Today I headed to the monthly 2-Gun match (which is rifle-only for this month) with a semiauto Galil R5 clone outfitted with an Armson OEG (Occluded Eye Gunsight). This particular OEG has a base specifically made to fit the Galil gas tube, and should be a really interesting experience to use on the clock in a practical match. The stages this month consist on a round of Rifle Burpees, a long range stage with targets at 150 and 200 yards, and a V-Tac barricade.
This turned out to be a really interesting experience for me. The long range stage was where I expected to really fall apart, but the OEG was able to make the hits, much to my surprise. The dot is about 12 MOA, and covers most of the target at long range, but it was well enough zeroed that I could hit. As the stage progressed, I lost some focus, and it got harder to get a proper superimposed dot/target sight picture.
The most unexpected part was the third stage, with the V-Tac barricade. The potential problem of not being able to see the target through a barricade had not occurred to me, but it sure made itself clear when I started shooting. Normally, one need only get a sight picture with one eye – a line of sight from eye to sights to target and you can make a hit. With an OEG, you need to see the red dot with one eye, but you also must be able to see the target with the *other* eye. On the bottom level of shooting ports, I was unable to find a position where I could see the target with my non-shooting eye, and timed out.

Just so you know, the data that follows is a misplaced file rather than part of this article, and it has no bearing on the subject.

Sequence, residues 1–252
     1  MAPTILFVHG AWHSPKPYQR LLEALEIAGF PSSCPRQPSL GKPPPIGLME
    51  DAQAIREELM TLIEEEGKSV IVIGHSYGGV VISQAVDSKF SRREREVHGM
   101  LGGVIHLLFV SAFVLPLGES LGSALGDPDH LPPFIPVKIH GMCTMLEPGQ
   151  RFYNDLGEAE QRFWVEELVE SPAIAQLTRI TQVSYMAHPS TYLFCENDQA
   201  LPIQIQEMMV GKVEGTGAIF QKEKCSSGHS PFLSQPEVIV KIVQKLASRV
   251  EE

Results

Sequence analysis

It did not even occur to me until after getting home that I had not considered allowing the optic to be obstructed by the barricade. With normal optics, obviously, the optic *must* have a clean line of sight to the target. With an OEG, however, the optic’s only job is to give an index to where the gun is pointing. As long as the muzzle was clear, the OEG could have been obstructed and still would have worked fine as long as my other eye could see the target. Ah, the eccentricities of odd gear!